Let $\mathbb{T}$ denote the 1-d torus and $H^s(\mathbb{T})$ the Sobolev space of order $s\geq0$ of complex-valued functions on $\mathbb{T}$ with the identification $H^0 (\mathbb{T}) = L^2 (\mathbb{T})$. Let $\mathcal{T}_N$ denote the span of the first $N \in \mathbb{N}$ trigonometric polynomials and $P_N : L^2(\mathbb{T}) \to \mathcal{T}_N$ the standard Fourier projection. It is easily shown, by passing to sequences, that, for any $f \in H^s (\mathbb{T})$ with $s \geq 1$,

$$\|f-P_Nf\|_{L^2} \leq \bar{N}^{-s}\|f\|_{H^s}$$

where $\bar{N} = \sqrt{1 + N^2}$. Consider now the following simple argument. Let $f \in H^1(\mathbb{T})$ and fix $0 < \epsilon < 1$. Since $C^\infty (\mathbb{T})$ is dense in any $H^s (\mathbb{T})$ space, there exists a function $g_\epsilon \in C^\infty (\mathbb{T})$ such that

$$\|f - g_\epsilon\| < \frac{\epsilon}{2}.$$

Triangle inequality implies

$$\|g_\epsilon \|_{H^1} < \frac{\epsilon}{2} + \|f\|_{H^1}.$$

Since $g_\epsilon \in C^\infty (\mathbb{T})$, we have $g_\epsilon \in H^m (\mathbb{T})$ for any $m \in \mathbb{R}$, and, just to keep this as simple as possible, let's pick $m=2$. Then

$$\|g_\epsilon - P_N g_\epsilon\|_{L^2} \leq \bar{N}^{-2} \|g_\epsilon \|_{H^1} \leq \bar{N}^{-2} ( \frac{\epsilon}{2} + \|f\|_{H^1} ) \leq \frac{\epsilon}{2}$$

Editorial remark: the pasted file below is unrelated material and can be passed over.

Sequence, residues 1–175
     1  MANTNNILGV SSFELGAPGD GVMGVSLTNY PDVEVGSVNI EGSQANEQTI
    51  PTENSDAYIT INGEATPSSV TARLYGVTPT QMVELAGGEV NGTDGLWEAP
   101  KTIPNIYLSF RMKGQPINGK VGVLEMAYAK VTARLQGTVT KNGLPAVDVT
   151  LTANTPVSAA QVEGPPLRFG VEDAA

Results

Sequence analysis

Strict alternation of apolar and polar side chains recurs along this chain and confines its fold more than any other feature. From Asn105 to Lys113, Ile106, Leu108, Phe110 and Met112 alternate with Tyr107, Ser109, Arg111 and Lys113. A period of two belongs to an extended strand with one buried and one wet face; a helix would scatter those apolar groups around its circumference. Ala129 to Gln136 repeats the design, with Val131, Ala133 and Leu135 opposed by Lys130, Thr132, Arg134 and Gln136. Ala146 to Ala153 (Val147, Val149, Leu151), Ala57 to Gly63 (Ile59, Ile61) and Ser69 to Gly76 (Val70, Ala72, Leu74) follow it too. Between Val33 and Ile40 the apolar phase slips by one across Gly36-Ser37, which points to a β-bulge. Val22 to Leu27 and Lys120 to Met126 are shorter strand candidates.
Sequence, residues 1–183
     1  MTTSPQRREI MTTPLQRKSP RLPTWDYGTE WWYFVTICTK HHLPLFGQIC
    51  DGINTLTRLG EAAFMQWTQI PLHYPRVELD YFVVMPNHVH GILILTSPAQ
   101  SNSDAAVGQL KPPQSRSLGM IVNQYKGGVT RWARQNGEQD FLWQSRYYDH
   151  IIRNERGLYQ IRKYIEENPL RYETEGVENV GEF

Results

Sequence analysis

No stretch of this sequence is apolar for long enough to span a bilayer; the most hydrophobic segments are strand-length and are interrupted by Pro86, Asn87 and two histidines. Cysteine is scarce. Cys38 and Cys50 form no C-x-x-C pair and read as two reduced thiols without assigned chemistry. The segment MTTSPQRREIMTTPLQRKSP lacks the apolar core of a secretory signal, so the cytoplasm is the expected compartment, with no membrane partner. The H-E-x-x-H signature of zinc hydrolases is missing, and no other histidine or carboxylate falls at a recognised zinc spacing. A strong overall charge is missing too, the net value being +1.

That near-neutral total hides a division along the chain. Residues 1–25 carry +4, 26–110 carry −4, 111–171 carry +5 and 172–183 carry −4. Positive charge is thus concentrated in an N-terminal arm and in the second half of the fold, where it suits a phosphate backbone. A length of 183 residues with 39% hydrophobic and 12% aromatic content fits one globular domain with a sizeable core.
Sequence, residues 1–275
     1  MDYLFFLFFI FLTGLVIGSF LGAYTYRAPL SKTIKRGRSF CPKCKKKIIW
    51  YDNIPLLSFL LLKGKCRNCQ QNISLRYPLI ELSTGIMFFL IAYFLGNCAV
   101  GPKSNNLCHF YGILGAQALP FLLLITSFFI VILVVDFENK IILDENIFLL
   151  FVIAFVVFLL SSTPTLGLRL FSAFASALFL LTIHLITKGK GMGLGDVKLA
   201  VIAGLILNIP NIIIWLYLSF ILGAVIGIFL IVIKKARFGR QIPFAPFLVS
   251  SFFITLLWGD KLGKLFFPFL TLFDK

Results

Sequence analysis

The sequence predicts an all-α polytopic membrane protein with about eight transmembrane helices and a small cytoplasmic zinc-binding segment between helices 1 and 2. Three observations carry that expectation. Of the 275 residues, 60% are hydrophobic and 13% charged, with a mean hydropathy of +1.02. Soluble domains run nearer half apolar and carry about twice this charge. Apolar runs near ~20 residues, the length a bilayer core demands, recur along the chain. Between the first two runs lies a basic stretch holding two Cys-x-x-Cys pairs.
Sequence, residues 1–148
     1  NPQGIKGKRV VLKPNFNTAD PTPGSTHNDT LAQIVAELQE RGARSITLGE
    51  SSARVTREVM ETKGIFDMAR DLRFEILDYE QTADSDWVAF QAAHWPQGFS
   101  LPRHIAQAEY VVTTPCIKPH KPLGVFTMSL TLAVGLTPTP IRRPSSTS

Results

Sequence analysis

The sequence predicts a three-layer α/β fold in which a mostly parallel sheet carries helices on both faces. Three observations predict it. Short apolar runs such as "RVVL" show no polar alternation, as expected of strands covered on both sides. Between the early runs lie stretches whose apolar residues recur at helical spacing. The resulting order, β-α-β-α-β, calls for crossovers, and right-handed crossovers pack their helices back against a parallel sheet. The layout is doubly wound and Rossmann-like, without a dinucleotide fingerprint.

simply by picking the smallest $N \in \mathbb{N}$ such that $\bar{N} \geq \left ( \frac{4 \|f\|_{H^1}}{\epsilon} \right )^{1/2}$.

By triangle inequality, we obtain $\|f - P_N g_\epsilon\|_{L^2} \leq \epsilon$.

So, we have shown that, given any $f \in H^1 (\mathbb{T})$ then, for any $N \in \mathbb{N}$, there exists $g_N \in \mathcal{T}_N$ such that

$$\|f - g_N\|_{L^2} \leq 4 \bar{N}^{-2} \|f\|_{H^1}.$$

In fact, we could have done much better and gotten a super-algebraic rate of convergence and, if instead working on $\mathbb{T}^d$, avoided the curse of dimensionality. My immediate question about this (apart from is it correct) is how does one reconcile it with that fact that $P_N$ is the optimal $L^2$-projector onto $\mathcal{T}_N$. In particular, $P_N f$ should be the best one can do when approximating from $\mathcal{T}_N$. This suggests one can do a lot better, provided more regularity is available and is perhaps related to the fact that $H^1$ is relatively compact in $L^2$? Another point of view is that method approximation, particularly $f \mapsto g_\epsilon$ is discontinuous (there are lower bounds that would imply this but they are for non-linear methods and what bothers me most is that $\mathcal{T}_N$ is a linear space). Is the operator of best approximation from $\mathcal{T}_N$ in $L^2$ linear or continuous? Any thoughts on this would be helpful. Thanks.


1 Answer 1


I see the glaring error in this now. I applied the bound with the $H^1$ norm on $g_\epsilon$ when it should have been with the $H^2$ norm but then, there’s no way to relate that to the $H^1$ norm of $f$. Things make sense again. Please close/delete this.


Your Answer

By clicking “Post Your Answer”, you agree to our terms of service and acknowledge you have read our privacy policy.

Not the answer you're looking for? Browse other questions tagged or ask your own question.